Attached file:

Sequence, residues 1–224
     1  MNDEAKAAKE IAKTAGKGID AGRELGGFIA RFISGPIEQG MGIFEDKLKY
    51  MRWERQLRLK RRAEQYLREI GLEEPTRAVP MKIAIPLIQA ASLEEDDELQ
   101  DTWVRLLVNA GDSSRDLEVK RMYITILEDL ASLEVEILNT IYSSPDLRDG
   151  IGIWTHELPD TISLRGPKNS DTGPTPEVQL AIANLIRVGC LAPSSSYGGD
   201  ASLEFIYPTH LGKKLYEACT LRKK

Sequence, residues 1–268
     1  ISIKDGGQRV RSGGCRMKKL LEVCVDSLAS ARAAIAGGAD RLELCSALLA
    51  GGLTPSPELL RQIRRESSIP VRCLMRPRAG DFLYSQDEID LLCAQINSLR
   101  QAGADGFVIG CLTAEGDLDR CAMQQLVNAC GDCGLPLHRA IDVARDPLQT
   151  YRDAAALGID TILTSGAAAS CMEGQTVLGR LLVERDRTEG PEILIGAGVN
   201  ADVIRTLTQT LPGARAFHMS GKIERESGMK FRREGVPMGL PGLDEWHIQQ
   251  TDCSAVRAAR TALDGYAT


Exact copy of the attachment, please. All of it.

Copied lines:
Sequence, residues 1–224
     1  MNDEAKAAKE IAKTAGKGID AGRELGGFIA RFISGPIEQG MGIFEDKLKY
    51  MRWERQLRLK RRAEQYLREI GLEEPTRAVP MKIAIPLIQA ASLEEDDELQ
   101  DTWVRLLVNA GDSSRDLEVK RMYITILEDL ASLEVEILNT IYSSPDLRDG
   151  IGIWTHELPD TISLRGPKNS DTGPTPEVQL AIANLIRVGC LAPSSSYGGD
   201  ASLEFIYPTH LGKKLYEACT LRKK

Sequence, residues 1–268
     1  ISIKDGGQRV RSGGCRMKKL LEVCVDSLAS ARAAIAGGAD RLELCSALLA
    51  GGLTPSPELL RQIRRESSIP VRCLMRPRAG DFLYSQDEID LLCAQINSLR
   101  QAGADGFVIG CLTAEGDLDR CAMQQLVNAC GDCGLPLHRA IDVARDPLQT
   151  YRDAAALGID TILTSGAAAS CMEGQTVLGR LLVERDRTEG PEILIGAGVN
   201  ADVIRTLTQT LPGARAFHMS GKIERESGMK FRREGVPMGL PGLDEWHIQQ
   251  TDCSAVRAAR TALDGYAT